The survival of our species

This website is celebrating its 21st birthday. My current focus is improving gut bacteria by growing plants in biologically active soil but over the years the focus has been on diabetes, wicking beds, intelligent irrigation, subsurface irrigation etc.


Way back in 1974 I realised that computers would change the world - and that was in the days of punch cards - no touch screens.

I taught myself programming and wrote some software called Moldflow which solved - using numerical methods - a problems which could not be solved by conventional mathematics - predicting the flow of a hot plastic into a cold mold.

Today we would say it went feral and my company become the leading exporter of technical software from Australia. But I realised that compared to the multi nationals that we were competing against we were a tin pot company and the back end of the world. We needed to keep on coming up with major new innovations.

I found the trick was speculative research - doing things which looked a bit stupid - and generally were - but they led to new ideas. This I called the zig-sag approach to research.

We made good money but after some twenty years running the company I felt I was not working on the critical issues of how we were going to survive as a species.

I sold the company and started speculative researches on what I thought were the critical issues we faced - soil and water. That is when I started this website.

The irrigators dilemma

If you have a little irrigation the water wets the surface and soon it lost by evaporation. If you apply a much larger irrigation water is lost past the root zone - but also flushes away valuable nutrients. How do you apply just the right amount of water?

I saw two potential technologies for solving this - subsurface irrigation and intelligent irrigation scheduling which ‘learns’ how much water the plant is using and applied just the right amount of water to reach the base of the root zone.

I experimented with these technologies and did develop what I thought were good products but they did not hit the jackpot. I think they were just too complicated.

But as often happens in zig-zag research it led me to a new idea of placing a plastic film under the root zone. This automatically prevents any water and nutrients passing the root zone and there is no problem with scheduling jut fill until full.

All the experts said this would never work as the water would turn putrid but experiments showed that if you cycle the water it worked beautifully. Even so it did not catch on with commercial growers but it did lead to the wicking bed system which again went viral and is now used throughout the world.

Unfortunately many imitators have failed to realise that soil biology is the key to making wicking beds work so they have used inert material like stones and cloth which reduced their performance.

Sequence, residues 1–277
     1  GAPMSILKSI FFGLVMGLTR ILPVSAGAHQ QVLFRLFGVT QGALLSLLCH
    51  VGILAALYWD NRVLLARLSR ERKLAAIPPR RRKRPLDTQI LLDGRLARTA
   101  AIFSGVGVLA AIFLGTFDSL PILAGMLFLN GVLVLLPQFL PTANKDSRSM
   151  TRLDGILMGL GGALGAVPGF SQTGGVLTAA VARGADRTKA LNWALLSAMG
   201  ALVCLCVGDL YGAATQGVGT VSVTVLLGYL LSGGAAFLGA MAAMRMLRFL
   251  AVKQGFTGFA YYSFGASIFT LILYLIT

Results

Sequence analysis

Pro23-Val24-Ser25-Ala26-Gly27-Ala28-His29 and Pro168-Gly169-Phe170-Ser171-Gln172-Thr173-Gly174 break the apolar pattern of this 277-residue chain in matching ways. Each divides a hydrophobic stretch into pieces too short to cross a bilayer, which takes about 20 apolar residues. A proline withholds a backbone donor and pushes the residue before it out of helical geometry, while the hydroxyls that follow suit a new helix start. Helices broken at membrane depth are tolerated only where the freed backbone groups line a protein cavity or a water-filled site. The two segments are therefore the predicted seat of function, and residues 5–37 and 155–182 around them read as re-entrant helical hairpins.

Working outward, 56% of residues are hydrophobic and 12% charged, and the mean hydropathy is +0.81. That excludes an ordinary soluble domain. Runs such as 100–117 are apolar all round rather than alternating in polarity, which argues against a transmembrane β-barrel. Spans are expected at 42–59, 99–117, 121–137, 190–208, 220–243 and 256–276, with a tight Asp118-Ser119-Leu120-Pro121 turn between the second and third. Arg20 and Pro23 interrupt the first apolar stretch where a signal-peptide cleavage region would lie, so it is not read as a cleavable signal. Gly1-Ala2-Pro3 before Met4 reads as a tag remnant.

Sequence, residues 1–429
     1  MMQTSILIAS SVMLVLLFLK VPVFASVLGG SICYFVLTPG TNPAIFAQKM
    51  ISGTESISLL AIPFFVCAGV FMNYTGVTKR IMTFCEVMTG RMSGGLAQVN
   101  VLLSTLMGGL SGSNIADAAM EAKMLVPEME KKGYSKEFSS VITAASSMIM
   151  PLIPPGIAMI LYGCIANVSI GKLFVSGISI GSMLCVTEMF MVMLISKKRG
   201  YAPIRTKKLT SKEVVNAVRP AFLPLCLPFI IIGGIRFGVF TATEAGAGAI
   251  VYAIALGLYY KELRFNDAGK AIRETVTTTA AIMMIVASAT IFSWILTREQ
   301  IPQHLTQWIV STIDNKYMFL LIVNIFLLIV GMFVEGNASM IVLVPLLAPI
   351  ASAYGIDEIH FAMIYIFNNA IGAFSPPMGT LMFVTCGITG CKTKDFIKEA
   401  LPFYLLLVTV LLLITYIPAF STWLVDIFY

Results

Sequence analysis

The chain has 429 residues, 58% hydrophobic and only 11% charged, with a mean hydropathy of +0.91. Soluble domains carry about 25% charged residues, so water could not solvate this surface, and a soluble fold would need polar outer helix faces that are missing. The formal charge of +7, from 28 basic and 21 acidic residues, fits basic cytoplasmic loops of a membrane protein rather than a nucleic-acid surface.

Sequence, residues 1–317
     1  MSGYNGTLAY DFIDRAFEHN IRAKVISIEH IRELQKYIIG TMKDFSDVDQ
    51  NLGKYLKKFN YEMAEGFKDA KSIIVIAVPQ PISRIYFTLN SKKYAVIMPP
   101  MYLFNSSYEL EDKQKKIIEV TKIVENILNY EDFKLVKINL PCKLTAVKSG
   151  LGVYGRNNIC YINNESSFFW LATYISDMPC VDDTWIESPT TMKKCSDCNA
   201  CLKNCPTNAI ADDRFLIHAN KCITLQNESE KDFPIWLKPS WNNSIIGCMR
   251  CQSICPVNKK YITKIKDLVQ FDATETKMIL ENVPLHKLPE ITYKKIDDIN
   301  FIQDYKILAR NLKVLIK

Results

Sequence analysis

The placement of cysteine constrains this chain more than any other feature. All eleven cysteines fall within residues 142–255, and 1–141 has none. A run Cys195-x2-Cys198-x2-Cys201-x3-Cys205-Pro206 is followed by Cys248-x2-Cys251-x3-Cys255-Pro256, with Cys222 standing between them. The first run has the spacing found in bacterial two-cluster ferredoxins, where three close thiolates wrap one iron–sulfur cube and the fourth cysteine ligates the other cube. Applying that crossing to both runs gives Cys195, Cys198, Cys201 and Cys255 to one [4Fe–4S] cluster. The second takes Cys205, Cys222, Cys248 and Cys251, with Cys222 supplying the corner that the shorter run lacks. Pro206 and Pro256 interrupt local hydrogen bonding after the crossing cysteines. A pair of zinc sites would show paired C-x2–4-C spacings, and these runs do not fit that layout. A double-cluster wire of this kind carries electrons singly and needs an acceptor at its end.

There are numerous articles on wicking bed technology in the library.

Wicking beds and diabetes

My life took a major turn when my wife Xiulan was diagnosed with diabetes. My focus changed from saving the species to saving my wife.

The world is fully capable of producing the quantity of food the world’s population needs - now and into the future. However quality is another issue - mass produced foods are generally high in carbohydrates and sugars - which can be produced in bulk very cheaply - but are deficient in essential minerals and phytonutrients (essential complex compounds produced by plants).

Our bodies have an effective mechanism for dealing with a high carbohydrate and sugary diet - it produced insulin. However after a period of excess insulin the body becomes insulin resistant and bingo - you have diabetes (type 2).

It sounds so simple - cut down on carbohydrates and sugars and start eating food with the needed minerals and phytonutrients. If it were so simple then why is it that some third of the global population is either diabetic of pre-diabetic.

Changing diet is an essential part of managing diabetes - but it is not enough. We also need to change our gut bacteria. We are just beginning to understand gut bacteria - we certainly know how important it is - our guts produce essential vitamins - enable us to access critical minerals, work with our immune system but above all they produce hormones which affect our moods.

If you gut biology is telling you to go and eat a bit more cheese cake it is extraordinary to resist long term.

How to change gut bacteria is now the focus of my research and articles can be found on this here.